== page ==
‘Space Station 76’ is an odd film. It’s more about the soap opera social interactions of various characters in a 1970s chic playing around with all the clichés from a drunken captain, Glen Terry (Patrick Wilson), to a dysfunctional family of couples living there in a confined area commonly called a space station. To say there’s a core story, other than living on a space station, throws real confusion into the air, even if gravity is mostly controlled.
Although writer/director Jack Plotnick says it has elements common to ‘Space: 1999’ (1975-76) and ‘2001’ (huh?!), I would have thought ‘Space Station 76’ would have more in common with ‘Dark Star’ (1974), with less humour. It suddenly dawned on me what the space station number actually represents.
I began to wonder if I should be watching it straight or think it was a dry comedy. Well, not too dry, the captain is a sot after all who lives for his booze. It could have done with the laughs that are more obvious from the seven minutes of outtakes on the disk because things are so suppressed in the dialogue. The film is more about social interaction that could apply anywhere although there is a nice moment when a young girl reduces gravity to float about. Saying that, the little girl gets the best cute moments. The film could seriously have done with some winks to the audience even if the characters might not have spotted them.
It’s not helped by having cheap looking effects although when you see how some of them were created in CGI, it’s obvious that they were shifted to be in the style of 1970s as well. If anything, I think it went too far in that direction than do the 70s Science Fiction as it could have been done within that style.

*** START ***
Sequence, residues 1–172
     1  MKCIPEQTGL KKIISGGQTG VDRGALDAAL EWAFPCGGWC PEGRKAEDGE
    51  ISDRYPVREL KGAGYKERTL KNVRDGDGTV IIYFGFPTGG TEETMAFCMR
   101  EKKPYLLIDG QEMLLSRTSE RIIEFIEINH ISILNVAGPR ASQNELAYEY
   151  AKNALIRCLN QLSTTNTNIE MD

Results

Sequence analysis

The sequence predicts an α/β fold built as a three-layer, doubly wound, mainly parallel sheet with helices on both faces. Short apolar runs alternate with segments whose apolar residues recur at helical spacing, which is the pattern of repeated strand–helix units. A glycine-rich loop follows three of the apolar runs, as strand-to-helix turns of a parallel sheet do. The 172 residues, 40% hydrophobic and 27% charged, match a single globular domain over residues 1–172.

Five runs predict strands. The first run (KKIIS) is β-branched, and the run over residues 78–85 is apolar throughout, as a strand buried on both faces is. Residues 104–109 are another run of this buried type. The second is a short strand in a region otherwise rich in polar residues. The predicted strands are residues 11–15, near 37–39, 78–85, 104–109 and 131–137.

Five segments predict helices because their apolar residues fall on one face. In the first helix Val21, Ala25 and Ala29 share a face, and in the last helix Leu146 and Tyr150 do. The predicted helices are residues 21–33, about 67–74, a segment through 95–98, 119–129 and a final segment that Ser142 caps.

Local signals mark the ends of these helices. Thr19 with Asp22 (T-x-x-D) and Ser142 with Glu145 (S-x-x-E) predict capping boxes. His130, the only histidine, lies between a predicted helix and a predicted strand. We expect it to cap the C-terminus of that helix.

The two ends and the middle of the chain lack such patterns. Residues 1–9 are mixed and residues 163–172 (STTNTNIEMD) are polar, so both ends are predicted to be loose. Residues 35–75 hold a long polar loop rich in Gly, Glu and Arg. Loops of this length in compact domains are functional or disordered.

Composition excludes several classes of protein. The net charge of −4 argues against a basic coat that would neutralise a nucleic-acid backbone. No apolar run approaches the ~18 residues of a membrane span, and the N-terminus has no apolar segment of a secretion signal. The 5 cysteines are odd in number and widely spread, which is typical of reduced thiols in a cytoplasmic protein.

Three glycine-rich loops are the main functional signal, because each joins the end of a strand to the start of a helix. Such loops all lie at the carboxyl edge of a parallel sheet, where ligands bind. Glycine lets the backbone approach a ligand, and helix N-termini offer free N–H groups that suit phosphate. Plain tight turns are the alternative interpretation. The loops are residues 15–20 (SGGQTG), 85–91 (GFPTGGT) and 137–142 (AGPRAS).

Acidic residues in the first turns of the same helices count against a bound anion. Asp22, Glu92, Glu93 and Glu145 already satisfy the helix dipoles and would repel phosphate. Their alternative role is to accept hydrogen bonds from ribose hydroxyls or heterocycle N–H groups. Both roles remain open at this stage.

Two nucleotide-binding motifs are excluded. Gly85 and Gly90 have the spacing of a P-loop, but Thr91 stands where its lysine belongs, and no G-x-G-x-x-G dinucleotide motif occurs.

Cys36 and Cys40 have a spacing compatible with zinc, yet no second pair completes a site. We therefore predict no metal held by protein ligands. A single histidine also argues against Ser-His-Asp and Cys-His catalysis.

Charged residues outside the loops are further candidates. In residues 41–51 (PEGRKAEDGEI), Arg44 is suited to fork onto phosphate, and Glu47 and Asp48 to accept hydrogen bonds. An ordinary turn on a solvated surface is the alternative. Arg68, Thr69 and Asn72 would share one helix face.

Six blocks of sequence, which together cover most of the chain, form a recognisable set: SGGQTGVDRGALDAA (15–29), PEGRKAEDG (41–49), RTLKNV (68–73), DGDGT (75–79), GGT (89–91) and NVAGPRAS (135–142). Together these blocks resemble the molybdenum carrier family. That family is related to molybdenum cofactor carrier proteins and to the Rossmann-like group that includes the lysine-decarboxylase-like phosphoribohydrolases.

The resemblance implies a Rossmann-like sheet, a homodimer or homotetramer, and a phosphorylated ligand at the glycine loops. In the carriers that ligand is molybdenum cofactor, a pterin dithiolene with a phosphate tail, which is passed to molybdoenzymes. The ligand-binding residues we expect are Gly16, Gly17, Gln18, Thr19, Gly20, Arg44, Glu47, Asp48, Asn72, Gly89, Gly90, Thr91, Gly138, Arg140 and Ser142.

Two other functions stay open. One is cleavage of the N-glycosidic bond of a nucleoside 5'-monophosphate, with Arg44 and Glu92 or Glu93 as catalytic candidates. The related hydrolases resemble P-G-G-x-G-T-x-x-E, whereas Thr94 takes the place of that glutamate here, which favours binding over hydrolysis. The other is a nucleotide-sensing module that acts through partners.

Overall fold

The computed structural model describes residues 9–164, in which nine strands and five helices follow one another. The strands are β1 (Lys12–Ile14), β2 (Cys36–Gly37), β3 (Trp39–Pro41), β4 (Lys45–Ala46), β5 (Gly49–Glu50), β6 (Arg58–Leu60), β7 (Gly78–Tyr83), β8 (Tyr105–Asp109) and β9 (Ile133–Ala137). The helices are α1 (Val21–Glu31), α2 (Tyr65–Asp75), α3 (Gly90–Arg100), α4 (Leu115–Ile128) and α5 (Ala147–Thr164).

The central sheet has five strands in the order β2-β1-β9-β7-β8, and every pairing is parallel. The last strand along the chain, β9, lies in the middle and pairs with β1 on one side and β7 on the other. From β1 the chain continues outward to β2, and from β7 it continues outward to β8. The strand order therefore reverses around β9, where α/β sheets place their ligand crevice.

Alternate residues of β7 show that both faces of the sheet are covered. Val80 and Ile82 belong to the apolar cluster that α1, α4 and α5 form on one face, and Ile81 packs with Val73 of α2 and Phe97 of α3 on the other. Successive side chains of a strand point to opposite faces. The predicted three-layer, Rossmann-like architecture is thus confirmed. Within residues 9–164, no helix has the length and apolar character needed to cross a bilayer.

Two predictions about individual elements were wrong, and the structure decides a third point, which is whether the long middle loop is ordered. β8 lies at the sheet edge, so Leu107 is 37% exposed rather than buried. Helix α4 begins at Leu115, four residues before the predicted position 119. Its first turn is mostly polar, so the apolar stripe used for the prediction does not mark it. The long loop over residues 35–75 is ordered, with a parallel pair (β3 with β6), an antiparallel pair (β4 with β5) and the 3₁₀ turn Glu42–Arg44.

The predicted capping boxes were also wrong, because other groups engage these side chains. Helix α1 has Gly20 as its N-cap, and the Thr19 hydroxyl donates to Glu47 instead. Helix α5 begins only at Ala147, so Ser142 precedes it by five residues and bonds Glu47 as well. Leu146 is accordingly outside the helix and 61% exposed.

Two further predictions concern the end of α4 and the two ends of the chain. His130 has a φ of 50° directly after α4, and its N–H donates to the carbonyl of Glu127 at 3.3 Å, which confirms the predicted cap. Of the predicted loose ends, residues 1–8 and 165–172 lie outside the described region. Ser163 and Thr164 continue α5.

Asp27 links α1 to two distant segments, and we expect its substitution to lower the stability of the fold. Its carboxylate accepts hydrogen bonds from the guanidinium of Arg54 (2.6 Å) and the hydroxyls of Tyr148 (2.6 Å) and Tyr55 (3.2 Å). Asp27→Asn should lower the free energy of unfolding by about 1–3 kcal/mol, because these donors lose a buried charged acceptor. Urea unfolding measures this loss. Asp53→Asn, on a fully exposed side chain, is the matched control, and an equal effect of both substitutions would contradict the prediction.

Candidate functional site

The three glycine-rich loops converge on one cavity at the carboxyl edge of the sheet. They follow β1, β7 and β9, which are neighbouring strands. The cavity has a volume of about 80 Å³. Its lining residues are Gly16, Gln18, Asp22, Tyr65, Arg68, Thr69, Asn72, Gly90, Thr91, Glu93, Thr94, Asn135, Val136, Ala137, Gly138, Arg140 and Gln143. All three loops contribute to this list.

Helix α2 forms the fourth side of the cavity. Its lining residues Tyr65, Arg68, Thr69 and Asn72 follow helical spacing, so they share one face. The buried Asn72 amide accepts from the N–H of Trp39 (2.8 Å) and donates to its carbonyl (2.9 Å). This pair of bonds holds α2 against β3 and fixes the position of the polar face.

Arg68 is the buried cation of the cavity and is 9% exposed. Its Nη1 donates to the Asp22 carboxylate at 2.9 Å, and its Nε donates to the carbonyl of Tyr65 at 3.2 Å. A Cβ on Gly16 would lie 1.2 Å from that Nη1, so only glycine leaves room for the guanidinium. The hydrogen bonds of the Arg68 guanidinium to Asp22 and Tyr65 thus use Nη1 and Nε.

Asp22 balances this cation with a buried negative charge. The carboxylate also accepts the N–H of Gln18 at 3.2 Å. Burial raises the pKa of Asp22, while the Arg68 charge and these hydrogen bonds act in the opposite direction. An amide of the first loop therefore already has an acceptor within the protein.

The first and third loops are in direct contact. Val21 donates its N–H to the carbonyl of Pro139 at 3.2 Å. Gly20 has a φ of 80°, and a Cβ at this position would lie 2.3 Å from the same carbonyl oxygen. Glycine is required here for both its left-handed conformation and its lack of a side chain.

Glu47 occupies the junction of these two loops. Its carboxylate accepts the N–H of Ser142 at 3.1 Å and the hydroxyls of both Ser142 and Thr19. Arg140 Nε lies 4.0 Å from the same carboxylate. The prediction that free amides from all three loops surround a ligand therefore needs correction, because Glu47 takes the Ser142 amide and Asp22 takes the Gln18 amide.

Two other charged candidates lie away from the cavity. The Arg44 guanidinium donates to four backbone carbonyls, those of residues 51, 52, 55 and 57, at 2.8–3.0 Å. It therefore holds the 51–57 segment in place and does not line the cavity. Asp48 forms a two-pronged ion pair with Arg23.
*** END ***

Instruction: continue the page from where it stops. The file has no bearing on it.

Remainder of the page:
I should explain that analysis was made a little easier as writer/director Jack Plotnick explains the 70s motif in the main 12 minute extra, ‘Zero Gravity: Making Space Station 76’. I would wonder then who he saw as his key audience was unless he wants all of us in our 50s. Having the imagery but little associated with it, just made the film look like it was made on a cheap budget although I doubt if any of the cast involved were hired at the base rate.
I’m not entirely sure what it was supposed to achieve. Having a single writer/director means you’re seeing his vision. It certainly could have done with some more spin. Living through the 70s, I can’t help feel that Plotnick might have got more tongue-in-cheek had he gone for the 60s, especially as he professed an interest in Kubrick’s ‘2001’, although the latter never played the film for laughs, there were a lot more 60s material he could have played around with. Purely in analytical mode, it would have helped had he sent up the situations more. By playing it so straight, I switched mode and saw it straight as well. The acting talent was there but you’ll need nerve to watch it a second time and see if there was any humour that you might have missed.
(region 2 DVD: Sony Pictures Home Entertainment. 91 minute film with extras. Price: £ 8.50 (UK). ASIN: B00LLZHEDY)
cast: Patrick Wilson, Liv Tyler, Marisa Couglan, Matt Bonner and Jerry O’Connell
Subtitles: Hindi, German, French, Finnish, Swedish, Arabic, Italian, Dutch, Norwegian, Turkish, English, Danish and Spanish
check out website: www.sonypictures.com